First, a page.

Many people are unaware that the supposed “tradition” of NFL players standing for the national anthem did not exist before 2009. Up until then, the custom was to stay in the locker room while the “Star-Spangled Banner” was played. In the words of the Daily Snark (14 September), “NFL teams got patriotic” with the national anthem displays in recent years “because it was good for business.” As the article notes, a 2015 Congressional report “revealed that the Department of Defense had paid $5.4 million to stage on-field patriotic ceremonies; the National Guard shelled out $6.7 million for similar displays.”
The Pentagon-paid “measures of public recognition” included “sponsored military displays.” While some of the payola was reportedly returned, it’s just the tip of the iceberg in the sports industry in which racism and support for imperialism have always been deemed big boosts for the profit margin. In reality, one of the key purposes of sports spectacles has been to whip up patriotism, in order to divert the working class. We just saw that again with the Olympics, when people chant “U.S.A., U.S.A.,” athletes like Simone Biles drape themselves in the American flag, and the media count how many medals “our country” has won. Then there are the endless brawls by fans of the British, French, German and other soccer teams, with “soccer hooligans” providing recruiting grounds for rightist goon squads.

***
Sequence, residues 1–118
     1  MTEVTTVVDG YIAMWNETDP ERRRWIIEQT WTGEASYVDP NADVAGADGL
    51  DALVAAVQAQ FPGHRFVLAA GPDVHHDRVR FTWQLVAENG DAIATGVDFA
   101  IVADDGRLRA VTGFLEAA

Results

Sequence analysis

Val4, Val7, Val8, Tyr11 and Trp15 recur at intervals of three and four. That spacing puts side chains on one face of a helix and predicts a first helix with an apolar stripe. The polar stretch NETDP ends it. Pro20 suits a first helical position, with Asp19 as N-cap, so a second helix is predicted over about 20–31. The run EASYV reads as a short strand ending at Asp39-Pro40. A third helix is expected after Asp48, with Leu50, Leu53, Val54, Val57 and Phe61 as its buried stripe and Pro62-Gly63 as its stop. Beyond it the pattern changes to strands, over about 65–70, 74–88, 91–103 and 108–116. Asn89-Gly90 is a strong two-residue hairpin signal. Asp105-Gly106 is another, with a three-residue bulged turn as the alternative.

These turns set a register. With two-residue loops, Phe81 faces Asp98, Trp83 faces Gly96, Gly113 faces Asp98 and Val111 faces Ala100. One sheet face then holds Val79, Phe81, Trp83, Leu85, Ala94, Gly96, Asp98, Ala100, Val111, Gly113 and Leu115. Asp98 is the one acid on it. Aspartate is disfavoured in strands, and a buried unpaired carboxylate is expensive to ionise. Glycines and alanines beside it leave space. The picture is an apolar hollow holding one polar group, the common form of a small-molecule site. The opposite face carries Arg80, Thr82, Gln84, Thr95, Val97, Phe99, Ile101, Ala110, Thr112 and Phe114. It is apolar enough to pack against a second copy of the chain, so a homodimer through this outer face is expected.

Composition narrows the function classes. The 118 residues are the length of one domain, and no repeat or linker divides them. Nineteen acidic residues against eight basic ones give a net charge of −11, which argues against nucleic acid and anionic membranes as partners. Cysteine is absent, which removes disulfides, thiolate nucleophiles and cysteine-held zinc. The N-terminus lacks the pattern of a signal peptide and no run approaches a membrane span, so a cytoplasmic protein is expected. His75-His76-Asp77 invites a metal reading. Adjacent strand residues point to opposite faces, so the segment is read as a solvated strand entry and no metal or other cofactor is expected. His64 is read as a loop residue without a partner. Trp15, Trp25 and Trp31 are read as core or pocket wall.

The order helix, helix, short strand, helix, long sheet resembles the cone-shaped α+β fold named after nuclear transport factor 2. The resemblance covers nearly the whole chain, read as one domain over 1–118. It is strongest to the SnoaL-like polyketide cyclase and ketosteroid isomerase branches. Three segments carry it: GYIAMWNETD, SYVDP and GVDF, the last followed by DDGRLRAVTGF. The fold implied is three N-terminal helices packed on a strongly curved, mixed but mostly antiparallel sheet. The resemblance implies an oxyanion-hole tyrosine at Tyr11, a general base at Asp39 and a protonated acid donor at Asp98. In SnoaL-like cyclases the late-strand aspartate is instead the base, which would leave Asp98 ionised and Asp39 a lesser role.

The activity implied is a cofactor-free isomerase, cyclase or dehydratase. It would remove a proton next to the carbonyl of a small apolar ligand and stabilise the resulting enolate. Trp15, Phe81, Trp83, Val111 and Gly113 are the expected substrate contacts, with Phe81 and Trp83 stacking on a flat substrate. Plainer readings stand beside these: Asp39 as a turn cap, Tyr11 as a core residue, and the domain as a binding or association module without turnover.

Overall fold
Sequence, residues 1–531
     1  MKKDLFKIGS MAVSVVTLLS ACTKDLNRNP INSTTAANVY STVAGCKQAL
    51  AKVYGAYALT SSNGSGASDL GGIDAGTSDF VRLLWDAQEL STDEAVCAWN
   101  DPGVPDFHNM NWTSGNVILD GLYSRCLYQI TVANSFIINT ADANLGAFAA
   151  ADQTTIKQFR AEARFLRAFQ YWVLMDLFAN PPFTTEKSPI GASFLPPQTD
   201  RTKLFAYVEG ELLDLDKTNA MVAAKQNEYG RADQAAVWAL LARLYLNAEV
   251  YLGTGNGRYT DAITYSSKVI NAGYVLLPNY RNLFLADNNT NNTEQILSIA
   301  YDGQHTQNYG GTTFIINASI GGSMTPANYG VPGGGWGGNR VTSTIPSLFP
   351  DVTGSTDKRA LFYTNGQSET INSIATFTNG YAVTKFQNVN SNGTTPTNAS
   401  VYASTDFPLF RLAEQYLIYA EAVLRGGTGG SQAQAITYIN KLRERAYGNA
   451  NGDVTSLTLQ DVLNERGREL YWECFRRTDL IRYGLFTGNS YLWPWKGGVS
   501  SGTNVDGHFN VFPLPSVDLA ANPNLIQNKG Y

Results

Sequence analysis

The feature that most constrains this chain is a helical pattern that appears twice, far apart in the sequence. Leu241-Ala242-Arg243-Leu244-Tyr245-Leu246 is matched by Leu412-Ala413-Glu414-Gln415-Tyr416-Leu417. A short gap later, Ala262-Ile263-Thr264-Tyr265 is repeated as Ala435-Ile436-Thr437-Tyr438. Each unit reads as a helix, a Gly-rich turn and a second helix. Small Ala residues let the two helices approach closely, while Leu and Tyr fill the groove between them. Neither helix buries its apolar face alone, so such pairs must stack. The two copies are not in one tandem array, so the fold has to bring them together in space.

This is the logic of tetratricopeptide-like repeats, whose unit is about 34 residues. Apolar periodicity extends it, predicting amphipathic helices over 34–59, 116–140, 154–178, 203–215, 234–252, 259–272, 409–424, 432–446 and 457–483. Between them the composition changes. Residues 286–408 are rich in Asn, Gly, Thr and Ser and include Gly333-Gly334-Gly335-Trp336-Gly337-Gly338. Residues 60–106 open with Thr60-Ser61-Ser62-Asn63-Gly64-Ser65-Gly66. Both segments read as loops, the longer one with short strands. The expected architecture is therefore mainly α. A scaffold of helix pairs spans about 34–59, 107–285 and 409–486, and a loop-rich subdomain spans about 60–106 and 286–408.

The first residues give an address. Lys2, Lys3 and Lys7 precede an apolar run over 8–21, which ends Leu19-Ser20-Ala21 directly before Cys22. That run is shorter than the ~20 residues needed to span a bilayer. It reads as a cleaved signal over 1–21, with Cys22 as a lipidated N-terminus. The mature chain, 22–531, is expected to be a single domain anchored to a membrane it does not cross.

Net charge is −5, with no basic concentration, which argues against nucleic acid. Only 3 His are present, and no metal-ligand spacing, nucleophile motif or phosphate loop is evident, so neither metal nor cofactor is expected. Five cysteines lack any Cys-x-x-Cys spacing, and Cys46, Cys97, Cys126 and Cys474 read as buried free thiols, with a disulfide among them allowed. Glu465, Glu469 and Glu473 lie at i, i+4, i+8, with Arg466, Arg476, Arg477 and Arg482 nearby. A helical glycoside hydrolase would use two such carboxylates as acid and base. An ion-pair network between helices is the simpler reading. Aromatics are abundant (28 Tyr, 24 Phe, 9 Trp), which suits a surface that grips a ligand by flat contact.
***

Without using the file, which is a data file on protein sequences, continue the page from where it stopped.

So what about that national anthem? The BBC story on the Camden high-school football team and its coach Preston Brown reports:
“When he saw Kaepernick’s protest, Brown thought about the fact that 2016 marks the 100th anniversary of President Woodrow Wilson’s order that The Star-Spangled Banner be played at military and other official state events – the same pro-segregation president for whom his high school is named.”
The stone racist Wilson purged African Americans from federal jobs, praised the 1915 KKK propaganda film Birth of a Nation (originally called The Clansman) and showed it in the White House, while ordering Marines to occupy Haiti, the Dominican Republic, Panama and Nicaragua and intervene against the Mexican Revolution.
Coach Preston Brown “has never been a fan of The Star-Spangled Banner,” the BBC reports, “not since his Haitian grandmother taught about the often forgotten third verse.” That’s the one that has gotten a lot of attention since the Kaepernick protests broke out, as it menacingly gloats: “No refuge could save the hireling and slave / From the terror of flight, or the gloom of the grave.”
Discussion on this verse has led some to dig out their American history books to brush up on how the “Star-Spangled Banner” got written in the first place. To make a long story short: like most of what gave rise to this country, it’s about slavery. It was written by the slave owner and pro-slavery politician Frances Scott Key. Key was also the mentor and brother-in-law of Roger Taney, who became Chief Justice of the Supreme Court and handed down the Dred Scott decision in 1857. That decision infamously stated that blacks had no rights that whites were bound to respect. It criminalized aid to escaping slaves.